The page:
Independent company to run Limerick’s City of Culture 2014 programme

Alan Owens


Alan Owens

LIMERICK’s year as national City of Culture in 2014 will be modelled on Derry’s stint as the inaugural UK City of Culture in 2013.

LIMERICK’s year as national City of Culture in 2014 will be modelled on Derry’s stint as the inaugural UK City of Culture in 2013.

The Limerick Leader understands that an independent company will be established to manage and deliver what is expected to be an exciting programme of high profile events throughout the year.

Arts Minister Jimmy Deenihan announced that Limerick is to be the first national City of Culture in Ireland this week, but an official launch - involving those in City Hall who have worked on the programme for more than six months - is to take place next Monday morning in the Strand Hotel, where more specific details are expected to be unveiled.

The Leader has established that a company will be founded to manage the year long programme of events, which will augment current infrastructure and local arts facilities and organisations, as well as inviting national bodies - such as the Abbey Theatre and National Symphony Orchestra - to host high profile events in the city.

Donations and funding will be sought by the company established to manage the year of cultural events, while Mr Deenihan has already indicated to this newspaper that “the national cultural institutions would be expected to support this” and that “if Limerick was expected to produce extra content, then there would be funding available”.

A programme of events for 2014 has already been assembled and submitted to the minister’s office, while the hope locally is that this designation will begin the process of seeing Limerick awarded the European City of Culture towards the end of the decade.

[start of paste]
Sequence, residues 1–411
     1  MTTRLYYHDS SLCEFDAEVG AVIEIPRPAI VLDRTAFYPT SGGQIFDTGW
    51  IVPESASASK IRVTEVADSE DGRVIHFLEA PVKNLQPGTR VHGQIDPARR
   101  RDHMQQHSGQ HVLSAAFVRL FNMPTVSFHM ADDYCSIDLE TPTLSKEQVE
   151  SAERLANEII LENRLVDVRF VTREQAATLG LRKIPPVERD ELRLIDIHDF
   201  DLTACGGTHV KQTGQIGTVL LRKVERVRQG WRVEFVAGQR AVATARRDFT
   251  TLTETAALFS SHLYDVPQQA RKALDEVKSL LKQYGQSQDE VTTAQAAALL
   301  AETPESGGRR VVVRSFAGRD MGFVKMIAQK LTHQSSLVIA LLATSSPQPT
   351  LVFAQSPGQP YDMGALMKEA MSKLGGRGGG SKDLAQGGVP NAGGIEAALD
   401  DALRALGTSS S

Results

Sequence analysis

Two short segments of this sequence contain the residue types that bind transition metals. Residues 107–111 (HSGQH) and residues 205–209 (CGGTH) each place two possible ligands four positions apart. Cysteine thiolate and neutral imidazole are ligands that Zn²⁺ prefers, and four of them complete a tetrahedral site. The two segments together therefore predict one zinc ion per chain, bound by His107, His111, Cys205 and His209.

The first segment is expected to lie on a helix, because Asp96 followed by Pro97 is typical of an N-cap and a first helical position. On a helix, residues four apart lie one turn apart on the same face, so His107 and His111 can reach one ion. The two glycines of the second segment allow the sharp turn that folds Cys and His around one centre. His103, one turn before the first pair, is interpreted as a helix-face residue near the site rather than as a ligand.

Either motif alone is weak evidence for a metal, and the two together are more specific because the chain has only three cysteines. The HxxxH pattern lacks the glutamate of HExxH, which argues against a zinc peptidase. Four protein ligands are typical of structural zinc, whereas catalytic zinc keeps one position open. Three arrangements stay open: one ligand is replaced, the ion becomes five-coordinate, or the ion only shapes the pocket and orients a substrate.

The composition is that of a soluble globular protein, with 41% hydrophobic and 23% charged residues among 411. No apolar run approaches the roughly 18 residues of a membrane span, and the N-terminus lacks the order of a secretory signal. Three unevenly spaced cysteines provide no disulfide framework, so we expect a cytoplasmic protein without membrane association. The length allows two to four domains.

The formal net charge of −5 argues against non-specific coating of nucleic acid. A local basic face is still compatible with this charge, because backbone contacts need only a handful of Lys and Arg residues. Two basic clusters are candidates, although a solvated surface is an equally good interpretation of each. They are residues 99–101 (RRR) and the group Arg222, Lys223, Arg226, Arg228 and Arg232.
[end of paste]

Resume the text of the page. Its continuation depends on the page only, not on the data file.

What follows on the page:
Limerick is to be the pilot city selected for the Irish City of Culture programme, which will seek to bring artists, arts organisations, local authorities and civic groups together through a calendar of events that “showcases all that the city has to offer in arts and cultural expression”.

It is understood that “the emphasis will be on community involvement and planning of events and a bottom up approach to seek to unite cultural and socio economic stakeholders in a common project” - according to a source in City Hall.

Making the announcement Mr Deenihan said the designation would help to “shape, brand and promote a new Limerick city” in 2014.

The announcement has been broadly welcomed by local and national politicians across the political divide, while interested stakeholders, such as Dr Maria Maria Hinefelaar, president of LIT, have also praised the initiative.

“Limerick is a heartbeat of Irish culture, in all its spheres, and having been actively involved at LIT, and particularly through our Limerick College of Art and Design, in helping Limerick achieve this honour, we must all commend Minister Deenihan and his Department on this initiative,” said Dr Hinfelaar.

“LIT is delighted to have been involved and instrumental in the process that brought about this very significant announcement. We now look forward to being at the forefront in making this an unforgettable year for the city,” she added.